Saturday, 8 April 2017


At first light at the Obs there was a ground frost and I also had a heavy dew in my beard! The skies were crystal clear and it was flat calm. From the outset it was obvious that Redpolls were on the move, but sadly they were up in the stratosphere. It's difficult recording the vis when conditions are this clear as what you are really recording is just registrations. You hear a bird calling high up, you can't see it, so it is just a registration; it could be a single bird, but it could also be a small flock.

There was a supporting cast to the Redpolls and my totals were 100 Lesser Redpolls, 29 Meadow Pipits, seven Goldfinches, eight Linnets, two Woodpigeons, two Carrion Crows, a Greenfinch, five Alba Wags, two Swallows and three Siskins.

The most surprising observation of the morning was two Red-legged Partridges, that were a new species to be recorded at the Obs for me. In fact shortly after I had seen them I caught one of them in a mist net, but it got out before I got to the net. There is an absolute ban on ringing Red-legged Partridges by the BTO so even if I had managed to extract it, it wouldn't have been ringed.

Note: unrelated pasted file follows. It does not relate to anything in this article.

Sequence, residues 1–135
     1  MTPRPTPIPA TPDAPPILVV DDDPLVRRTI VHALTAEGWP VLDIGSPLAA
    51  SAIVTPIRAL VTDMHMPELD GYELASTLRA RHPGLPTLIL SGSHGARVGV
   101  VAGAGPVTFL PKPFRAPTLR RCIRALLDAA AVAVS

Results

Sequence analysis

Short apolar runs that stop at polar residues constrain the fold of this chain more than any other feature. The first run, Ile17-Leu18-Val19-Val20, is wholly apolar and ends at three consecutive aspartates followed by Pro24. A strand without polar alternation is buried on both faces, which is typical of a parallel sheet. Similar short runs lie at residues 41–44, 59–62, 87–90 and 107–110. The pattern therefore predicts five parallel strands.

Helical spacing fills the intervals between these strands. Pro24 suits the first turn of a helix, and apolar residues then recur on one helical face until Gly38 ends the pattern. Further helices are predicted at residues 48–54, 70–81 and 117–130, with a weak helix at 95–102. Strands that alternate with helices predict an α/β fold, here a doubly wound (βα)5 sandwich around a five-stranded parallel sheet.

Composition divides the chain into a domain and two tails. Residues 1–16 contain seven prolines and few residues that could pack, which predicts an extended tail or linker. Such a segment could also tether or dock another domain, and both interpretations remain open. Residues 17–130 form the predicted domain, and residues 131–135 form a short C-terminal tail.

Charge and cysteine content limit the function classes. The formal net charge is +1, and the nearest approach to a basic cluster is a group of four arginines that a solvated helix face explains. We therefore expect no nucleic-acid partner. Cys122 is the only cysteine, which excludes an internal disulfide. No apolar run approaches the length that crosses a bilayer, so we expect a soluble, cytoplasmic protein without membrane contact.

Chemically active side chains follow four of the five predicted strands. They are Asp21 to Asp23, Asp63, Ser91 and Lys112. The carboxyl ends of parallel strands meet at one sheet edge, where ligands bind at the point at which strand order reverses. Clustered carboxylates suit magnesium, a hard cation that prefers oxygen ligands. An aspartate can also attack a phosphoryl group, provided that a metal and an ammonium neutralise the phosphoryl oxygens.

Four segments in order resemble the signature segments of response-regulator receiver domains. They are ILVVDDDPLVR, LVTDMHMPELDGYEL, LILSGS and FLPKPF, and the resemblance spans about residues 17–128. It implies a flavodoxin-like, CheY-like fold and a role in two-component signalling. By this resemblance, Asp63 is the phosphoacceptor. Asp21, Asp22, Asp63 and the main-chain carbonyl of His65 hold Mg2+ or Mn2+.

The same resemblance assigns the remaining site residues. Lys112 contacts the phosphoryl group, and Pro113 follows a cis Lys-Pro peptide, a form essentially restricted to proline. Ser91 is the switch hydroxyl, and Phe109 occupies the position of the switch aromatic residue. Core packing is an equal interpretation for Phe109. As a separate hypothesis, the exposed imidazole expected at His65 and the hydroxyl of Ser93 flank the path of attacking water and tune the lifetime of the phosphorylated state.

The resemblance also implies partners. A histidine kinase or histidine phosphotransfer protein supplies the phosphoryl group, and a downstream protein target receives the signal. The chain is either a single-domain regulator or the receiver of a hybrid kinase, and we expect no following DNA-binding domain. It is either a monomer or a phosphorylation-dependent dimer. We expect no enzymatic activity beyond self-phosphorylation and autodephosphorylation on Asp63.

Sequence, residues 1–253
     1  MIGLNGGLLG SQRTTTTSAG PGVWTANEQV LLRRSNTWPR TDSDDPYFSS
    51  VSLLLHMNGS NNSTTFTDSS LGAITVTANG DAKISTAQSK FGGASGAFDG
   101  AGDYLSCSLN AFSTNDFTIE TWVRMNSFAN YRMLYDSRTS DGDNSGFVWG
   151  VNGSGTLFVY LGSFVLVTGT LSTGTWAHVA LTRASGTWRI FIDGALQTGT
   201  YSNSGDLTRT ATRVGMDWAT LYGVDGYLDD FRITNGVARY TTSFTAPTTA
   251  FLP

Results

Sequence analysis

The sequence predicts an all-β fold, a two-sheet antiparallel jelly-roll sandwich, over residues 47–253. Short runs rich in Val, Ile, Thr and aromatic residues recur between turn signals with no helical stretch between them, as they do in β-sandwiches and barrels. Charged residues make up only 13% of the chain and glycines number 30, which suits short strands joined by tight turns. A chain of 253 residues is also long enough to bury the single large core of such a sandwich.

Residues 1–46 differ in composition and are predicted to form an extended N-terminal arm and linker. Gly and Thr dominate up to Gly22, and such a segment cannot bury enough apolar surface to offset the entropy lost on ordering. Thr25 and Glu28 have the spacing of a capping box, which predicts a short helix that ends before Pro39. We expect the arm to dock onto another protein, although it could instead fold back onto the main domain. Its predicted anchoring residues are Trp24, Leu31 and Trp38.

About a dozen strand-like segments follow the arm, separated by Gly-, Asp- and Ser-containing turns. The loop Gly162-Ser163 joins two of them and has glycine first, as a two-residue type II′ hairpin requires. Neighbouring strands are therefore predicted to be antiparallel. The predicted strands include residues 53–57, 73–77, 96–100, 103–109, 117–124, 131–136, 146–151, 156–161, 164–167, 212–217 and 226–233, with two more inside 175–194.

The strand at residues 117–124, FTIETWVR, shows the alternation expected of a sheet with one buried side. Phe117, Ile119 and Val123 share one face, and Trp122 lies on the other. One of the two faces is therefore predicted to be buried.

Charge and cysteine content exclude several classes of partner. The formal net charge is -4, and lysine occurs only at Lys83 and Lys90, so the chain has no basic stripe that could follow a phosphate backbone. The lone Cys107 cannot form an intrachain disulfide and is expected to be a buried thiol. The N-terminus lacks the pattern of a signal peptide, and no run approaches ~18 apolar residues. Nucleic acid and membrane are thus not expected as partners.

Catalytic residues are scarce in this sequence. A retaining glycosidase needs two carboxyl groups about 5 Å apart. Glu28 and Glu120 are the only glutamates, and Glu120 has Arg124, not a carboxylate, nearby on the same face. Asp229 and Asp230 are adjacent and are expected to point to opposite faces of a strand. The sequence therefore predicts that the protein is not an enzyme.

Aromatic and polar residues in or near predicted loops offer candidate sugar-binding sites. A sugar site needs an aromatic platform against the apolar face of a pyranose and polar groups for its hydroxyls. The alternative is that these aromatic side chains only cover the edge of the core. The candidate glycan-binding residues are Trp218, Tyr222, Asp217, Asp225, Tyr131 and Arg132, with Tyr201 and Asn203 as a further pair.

On the subject of ringing I ringed 26 birds as follows (recaptures in brackets):

Meadow Pipit - 1
Lesser Redpoll - 19
Blue Tit - 4
Dunnock - 1
Wren - 1 (1)

 Lesser Redpoll (above & below)

It wasn't a grounded morning and in fact I had no grounded migrants at all. The only other observation of interest I had was a female Sparrowhawk that slowly headed north. I couldn't decide whether it was a migrant or not, or just the female of a local breeding pair.

When I got home I checked my moth trap and all I had was a single Hebrew Character, mind you it was cold last night.

I'll be out again in the morning recording any migration, but without mist nets as it looks like it will be a tad breezy for the relatively exposed net rides at the Obs.

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